This holiday season, we are faced with a tough quandary: The new PlayStation and Xbox consoles are arriving. Which should we gift to our loved ones — or to ourselves?
There are plenty of options. Beginning Thursday, Sony will ship two versions of the PlayStation 5: a $500 model that includes a disc drive, and a smaller $400 disc-free version that runs downloaded games. The Xbox — which also comes in two models, the $500 Series X and the $300 Series S — will launch on Tuesday.
There are many types of gamers, so we — Brian X. Chen, a PlayStation loyalist, and Mike Isaac, who grew up playing Xbox — test-drove both consoles in our homes. Earlier this week, we shared our impressions of the Xbox. This review will focus on the PlayStation 5.
BRIAN Hello again, Mike! Let’s forget about Biden vs. Trump for a moment to continue our debate about Xbox vs. PlayStation.
MIKE Is the PS5 the Biden or the Trump in this analogy?
Mmm, you know what? I’ll avoid answering that.
This is the ultimate test for companies like Sony and Microsoft. Sony spent the past seven years on top with a slate of killer games for the PS4, and largely overshadowed the Xbox.
After a few weeks with the new PS5, what do you think? Is this another winner?
BRIAN I’ll start with some disclosures. I’ve owned PlayStations since the first generation and never had an Xbox. But in 2006, I felt burned by the PlayStation 3, which had mostly lame games compared with Xbox 360, so I’ve kept an open mind for this new generation.
With that all said, I think PlayStation 5 is going to win my vote with my wallet this round. What about you?
MIKE I was reluctant to come out strong and stump for Sony, but you’re right. If I were to plunk down 500 bucks on a piece of hardware right now, it would be the PS5. I want to hear what won you over.
BRIAN Let’s start with hardware before we move on to games and the overall experience.
First things first: The PS5 is a behemoth. It’s more than 15 inches tall — that’s roughly four inches taller than the Xbox Series X. So you’ll need to figure out where you’re going to place it. (There’s also an ugly black stand that can be screwed on to keep it more stable, but I didn’t use it.)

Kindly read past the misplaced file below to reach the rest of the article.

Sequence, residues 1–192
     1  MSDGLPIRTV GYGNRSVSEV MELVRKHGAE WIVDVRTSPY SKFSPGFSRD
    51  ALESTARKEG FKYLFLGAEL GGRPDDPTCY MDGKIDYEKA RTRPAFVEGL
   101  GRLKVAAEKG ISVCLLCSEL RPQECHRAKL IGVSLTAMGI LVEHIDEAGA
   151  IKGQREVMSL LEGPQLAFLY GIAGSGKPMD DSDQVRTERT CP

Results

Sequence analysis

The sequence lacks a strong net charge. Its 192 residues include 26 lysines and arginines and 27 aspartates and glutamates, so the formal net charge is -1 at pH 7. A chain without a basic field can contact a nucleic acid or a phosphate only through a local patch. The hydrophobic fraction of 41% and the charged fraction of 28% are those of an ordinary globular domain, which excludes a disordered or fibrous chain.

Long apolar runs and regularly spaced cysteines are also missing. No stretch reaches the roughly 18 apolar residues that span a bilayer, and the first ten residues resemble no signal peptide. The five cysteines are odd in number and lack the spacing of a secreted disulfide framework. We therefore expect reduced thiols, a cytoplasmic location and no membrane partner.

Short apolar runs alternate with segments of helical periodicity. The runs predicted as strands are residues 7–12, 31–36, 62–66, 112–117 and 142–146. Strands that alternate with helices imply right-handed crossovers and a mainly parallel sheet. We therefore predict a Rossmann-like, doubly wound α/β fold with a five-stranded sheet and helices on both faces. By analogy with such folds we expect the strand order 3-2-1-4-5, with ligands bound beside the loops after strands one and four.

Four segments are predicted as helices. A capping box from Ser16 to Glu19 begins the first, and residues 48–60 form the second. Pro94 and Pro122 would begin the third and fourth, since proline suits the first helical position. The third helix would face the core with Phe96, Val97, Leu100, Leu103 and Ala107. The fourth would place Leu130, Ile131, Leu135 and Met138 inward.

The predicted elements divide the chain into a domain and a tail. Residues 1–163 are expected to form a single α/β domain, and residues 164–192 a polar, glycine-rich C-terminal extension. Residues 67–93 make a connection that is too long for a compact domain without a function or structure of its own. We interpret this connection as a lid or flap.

In general, I like the console design. It looks curvy and futuristic and reminds me of a concept car.
MIKE Do you remember that computing brand Alienware? They made really expensive, insane computer systems with neon all over them? The company is part of Dell now, but I remember all of their ads in computer magazines I read during my youth. That was my immediate thought out of the box.
BRIAN Definitely, and that’s basically what the PS5 is: a powerful computer devoted to gaming. Similar to the new Xbox, it has a graphics processor that supports ray tracing, a complex rendering process that makes lighting and shadows look more realistic in graphics.
MIKE The graphics are very good. In the launch game we played, Spider-Man: Miles Morales, I could immediately tell how sharp the characters’ faces and landscapes were while playing. Colors popped, like the brilliant neon purples, reds and greens. Each one of Spider-Man’s various suits looked fantastic!
There is one thing I want to call out, though. I had a strange moment with the PS5 controller that struck me as potentially sensitive. It has a microphone built into it. That’s convenient, since you won’t immediately have to buy a separate headset to chat with friends.
But I wasn’t used to it. I had a moment where I was voice-chatting a friend on my iPhone while playing Call of Duty multiplayer, and my partner in the game reminded me that he could hear me! It freaked me out.
Business & Economy
BRIAN Oh, man. Don’t carry your controller with you during bathroom breaks.
MIKE Yes, to be fair there’s a button and glowing icon that tells you when it’s on or off. But still, I wasn’t used to it. Learning curve!
BRIAN The controller is pretty nice otherwise. It’s larger and heavier than the previous PlayStation controllers but feels comfortable to hold for long sessions.
MIKE Can I geek out on the storage drive?